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Oregon Coast Aquarium Gets Fuzzy, Adorable New Sea Otter Pup

Published 07/29/21 at 6:40 PM PDT
By Oregon Coast Beach Connection staff

Oregon Coast Aquarium Gets Adorable New Sea Otter Pup

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(Newport, Oregon) – A new addition to Newport's Oregon Coast Aquarium will have many squealing with cuteness aggression: a baby sea otter pup named Earle.

The tiny, adorable beastie was rescued from a beach in California back in May, where it was found cold and lethargic, alone and without its mother. At just three weeks old at the time, he only weighed 6.5 pounds and would have been unable to survive on his own.

From there, tiny, fuzzy Earle was taken to Monterey Bay Aquarium for further treatment and rehabilitation. Normally, facilities use surrogate mothers to raise sea otters in order to eventually release them back into the wild. However, at that time, none were available to the aquarium, so U.S. Fish and Wildlife Services deemed the baby otter unfit to be let loose. Without that proper rearing, he would not have survived.

Now, he's a playful, energetic and entertaining member of the Oregon Coast Aquarium family.

The Oregon Coast Aquarium is one of only 15 organizations in the U.S. authorized to accept rescued sea otters, and the goal is to always have a space available for those that cannot be released. Once it was determined that the Aquarium would be Earle's new home, a plan quickly unfolded to prepare for his arrival.

To expedite Earle's transport, a flight was coordinated with the non-profit organization Turtles Fly Too. The network's mission is to coordinate the use of general aviation to transport endangered species, critical response teams, and to educate the community on marine life conservation.

Turtles Fly Too coordinated with each of the organizations and USFWS to facilitate Earle's transport from Monterey Bay Aquarium to the Oregon Coast Aquarium, securing pilot and aircraft, transport permits, and departure and arrival logistics at airports. “Turtle Flier” Peter T. Lewis, who hails from Santa Barbara, California, contributed his time, talent, and Daher TBM 700 aircraft to fly Earle to his new home.

“We specialize in transporting endangered species, yet Sea Otter 918 [Earle] challenged us with lower temperature needs, medical team support during flight, and securing a high-speed aircraft to reduce the risk for our special passenger,” said Leslie Weinstein, President of Turtles Fly Too.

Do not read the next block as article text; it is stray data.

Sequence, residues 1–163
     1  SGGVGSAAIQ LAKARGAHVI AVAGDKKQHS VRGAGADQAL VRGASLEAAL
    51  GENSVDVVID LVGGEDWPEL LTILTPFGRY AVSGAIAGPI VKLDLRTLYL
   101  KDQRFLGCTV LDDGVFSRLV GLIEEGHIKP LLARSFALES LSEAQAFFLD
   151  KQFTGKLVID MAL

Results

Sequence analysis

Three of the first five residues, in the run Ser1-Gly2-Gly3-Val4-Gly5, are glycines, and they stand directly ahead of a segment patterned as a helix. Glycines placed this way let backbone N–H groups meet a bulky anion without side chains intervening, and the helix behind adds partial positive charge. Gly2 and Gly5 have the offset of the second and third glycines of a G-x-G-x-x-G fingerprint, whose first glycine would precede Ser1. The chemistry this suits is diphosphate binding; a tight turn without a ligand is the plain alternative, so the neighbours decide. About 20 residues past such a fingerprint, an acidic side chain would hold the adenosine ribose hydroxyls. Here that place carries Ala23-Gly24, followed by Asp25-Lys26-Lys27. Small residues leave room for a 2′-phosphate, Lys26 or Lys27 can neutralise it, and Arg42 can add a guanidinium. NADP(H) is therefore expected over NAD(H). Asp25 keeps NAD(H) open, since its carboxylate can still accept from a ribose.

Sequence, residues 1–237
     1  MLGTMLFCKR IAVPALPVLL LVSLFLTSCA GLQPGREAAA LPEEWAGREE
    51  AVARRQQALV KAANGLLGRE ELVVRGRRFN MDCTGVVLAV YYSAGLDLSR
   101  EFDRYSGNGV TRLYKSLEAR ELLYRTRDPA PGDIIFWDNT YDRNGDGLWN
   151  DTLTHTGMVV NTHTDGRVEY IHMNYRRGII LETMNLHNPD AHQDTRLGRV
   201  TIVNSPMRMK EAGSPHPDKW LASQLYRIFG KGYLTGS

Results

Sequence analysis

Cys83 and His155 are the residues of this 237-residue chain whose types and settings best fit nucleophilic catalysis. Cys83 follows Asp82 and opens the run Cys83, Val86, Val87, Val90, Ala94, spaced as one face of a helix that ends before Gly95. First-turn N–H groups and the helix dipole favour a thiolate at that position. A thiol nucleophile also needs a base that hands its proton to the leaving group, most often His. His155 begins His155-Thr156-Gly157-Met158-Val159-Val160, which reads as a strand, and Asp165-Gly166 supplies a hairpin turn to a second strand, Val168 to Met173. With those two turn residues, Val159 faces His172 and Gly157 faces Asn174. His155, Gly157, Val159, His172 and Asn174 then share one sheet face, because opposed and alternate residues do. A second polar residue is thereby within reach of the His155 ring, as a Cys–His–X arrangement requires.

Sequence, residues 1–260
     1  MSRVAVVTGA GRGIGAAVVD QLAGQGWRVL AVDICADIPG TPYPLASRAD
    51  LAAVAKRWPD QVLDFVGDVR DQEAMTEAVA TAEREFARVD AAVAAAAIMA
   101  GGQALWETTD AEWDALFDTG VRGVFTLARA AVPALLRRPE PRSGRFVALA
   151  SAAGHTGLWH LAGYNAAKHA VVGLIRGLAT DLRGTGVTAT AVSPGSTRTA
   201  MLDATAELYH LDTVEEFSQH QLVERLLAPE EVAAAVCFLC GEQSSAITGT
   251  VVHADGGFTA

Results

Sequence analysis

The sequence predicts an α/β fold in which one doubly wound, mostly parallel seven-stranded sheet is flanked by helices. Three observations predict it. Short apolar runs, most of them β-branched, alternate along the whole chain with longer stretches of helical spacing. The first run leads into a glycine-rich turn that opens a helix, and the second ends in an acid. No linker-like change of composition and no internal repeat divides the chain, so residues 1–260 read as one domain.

On July 22, Earle took flight. The Aquarium's Curator of Marine Mammals Brittany Blades, along with Willamette Veterinary Hospital's Dr. Dan Lewer, assisted in the transport. They closely monitored Earle's health, and took measures to make the flight as comfortable as possible for the pup.

The impact of Earle's journey is widespread; not only will he act as an ambassador in teaching guests about his wild counterparts, but the collaborative efforts of those involved will increase the capacity to rescue and rehabilitate other pups.

“The U.S. Fish and Wildlife Service appreciates the team at Monterey Bay Aquarium for their diligent work to save and care for this young sea otter pup, while securing a permanent home for him at Oregon Coast Aquarium. We also thank Turtles Fly Too for stepping up to provide safe transport of the pup from California to Oregon. This transport is making room for the next stranded pup that comes in to Monterey Bay Aquarium, and potentially freeing personnel to care for a pup that has a chance to be released. Though non-releasable, this pup will help make people aware of the challenges that face Oregon Coast Aquarium is Otterly Delighted to Welcome Sea Otter Pup southern sea otters in the wild,” said Lilian Carswell, Southern Sea Otter Recovery and Marine Mammal Conservation Coordinator of the U.S. Fish and Wildlife Service.

Upon landing, Earle was greeted by Aquarium staff. He was then quickly transported to his new home, where he was aptly named after Sylvia Earle, an oceanographer, scuba diver, and research scientist dedicated to conservation.

Earle is currently located behind-the-scenes, where he is settling in and learning typical sea otter behavior. Aquarium mammalogists will continue to monitor Earle to ensure he is acclimating well, and will soon introduce him to the other members of the sea otter raft.

“We are so excited to welcome Earle to the Aquarium,” said Blades. “His survival story really speaks to the amazing things that happen when people come together to support wildlife. Earle will act as an ambassador for his species, connecting guests with ocean life and inspiring conservation. That connection is crucial to the protection and preservation of sea otters and other endangered species.”

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